Sanofi has secured approval from the European Commission (EC) for Sarclisa (isatuximab) in combination with pomalidomide and dexamethasone (pom-dex) for the treatment of relapsed and refractory multiple myeloma (MM) in adult patients.
The approval of Sarclisa and pom-dex combination is for people who had at least two prior therapies including lenalidomide and a proteasome inhibitor and have shown disease progression on the last therapy.
Sanofi had already secured approval for the combination for the same indication in the US.
Sanofi research and development global head John Reed said: “The EC approval of Sarclisa represents an important additional therapeutic option and may set a new standard of care for myeloma patients in Europe who are in need of new effective treatments because their disease has returned or they have become refractory to their previous treatment.”
Sarclisa is a monoclonal antibody (mAb). which has been designed to bind to a specific epitope on the CD38 receptor of multiple myeloma cells. It has been designed to have various mechanisms of action, including programmed tumour cell death, and immunomodulatory activity.
The French pharma company got the EC approval of the anti-CD38 monoclonal antibody based on the findings of the ICARIA-MM phase 3 trial. The Sarclisa and pom-dex combination delivered a statistically significant improvement of progression-free survival (PFS), with a median PFS of 11.53 months, in comparison to 6.47 months with pom-dex alone.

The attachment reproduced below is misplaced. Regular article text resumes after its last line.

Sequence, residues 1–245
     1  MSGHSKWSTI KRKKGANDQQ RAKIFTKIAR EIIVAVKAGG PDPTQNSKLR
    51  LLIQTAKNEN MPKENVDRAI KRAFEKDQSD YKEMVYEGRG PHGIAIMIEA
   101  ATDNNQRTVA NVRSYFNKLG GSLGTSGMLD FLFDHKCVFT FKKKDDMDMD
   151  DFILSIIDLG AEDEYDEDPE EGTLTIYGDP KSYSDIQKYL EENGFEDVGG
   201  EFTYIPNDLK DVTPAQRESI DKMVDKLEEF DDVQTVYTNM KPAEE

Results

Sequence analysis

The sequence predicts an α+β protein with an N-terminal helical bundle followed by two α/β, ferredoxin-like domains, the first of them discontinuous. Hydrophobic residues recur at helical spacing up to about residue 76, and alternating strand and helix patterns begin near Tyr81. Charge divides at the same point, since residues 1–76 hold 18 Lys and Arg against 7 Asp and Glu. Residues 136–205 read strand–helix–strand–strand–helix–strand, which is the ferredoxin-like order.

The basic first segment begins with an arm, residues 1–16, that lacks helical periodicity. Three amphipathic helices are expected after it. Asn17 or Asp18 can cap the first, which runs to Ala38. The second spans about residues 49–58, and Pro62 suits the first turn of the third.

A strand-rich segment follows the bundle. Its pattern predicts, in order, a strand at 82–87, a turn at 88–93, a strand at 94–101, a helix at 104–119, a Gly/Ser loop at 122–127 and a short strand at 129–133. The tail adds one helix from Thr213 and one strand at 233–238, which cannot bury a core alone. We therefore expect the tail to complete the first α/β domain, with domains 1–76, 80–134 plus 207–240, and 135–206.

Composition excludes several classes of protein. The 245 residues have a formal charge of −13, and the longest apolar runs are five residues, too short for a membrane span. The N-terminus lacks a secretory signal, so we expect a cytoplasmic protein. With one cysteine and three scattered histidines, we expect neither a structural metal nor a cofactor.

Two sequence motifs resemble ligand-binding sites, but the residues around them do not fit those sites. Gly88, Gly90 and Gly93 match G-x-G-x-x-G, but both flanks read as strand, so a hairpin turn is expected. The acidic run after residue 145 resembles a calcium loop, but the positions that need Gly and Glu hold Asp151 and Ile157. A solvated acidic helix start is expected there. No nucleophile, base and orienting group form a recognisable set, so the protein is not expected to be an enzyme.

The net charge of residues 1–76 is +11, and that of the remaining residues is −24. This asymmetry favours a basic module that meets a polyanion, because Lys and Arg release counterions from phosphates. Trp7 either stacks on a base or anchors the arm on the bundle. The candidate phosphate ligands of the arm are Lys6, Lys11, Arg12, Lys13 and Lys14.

Furthermore, the combination therapy showed a significantly greater overall response rate compared to treatment with only pom-dex.
University Hospital of Nantes, France department of hematology Philippe Moreau, said: “As patients experience relapse of their multiple myeloma or become refractory to their current therapy, they become more difficult to treat with increasingly poor prognoses. In the ICARIA-MM trial, Sarclisa combination therapy showed a treatment benefit consistent across relapsed and refractory multiple myeloma subgroups.
“Sarclisa offers an important new treatment option and a potentially new standard of care for these patients with relapsed, refractory disease.”
Sanofi has been evaluating anti-CD38 monoclonal antibody in various ongoing phase 3 clinical trials in combination with current standard treatments across the multiple myeloma treatment continuum. The blood cancer drug is also being studied for the treatment of other hematologic malignancies and solid tumors.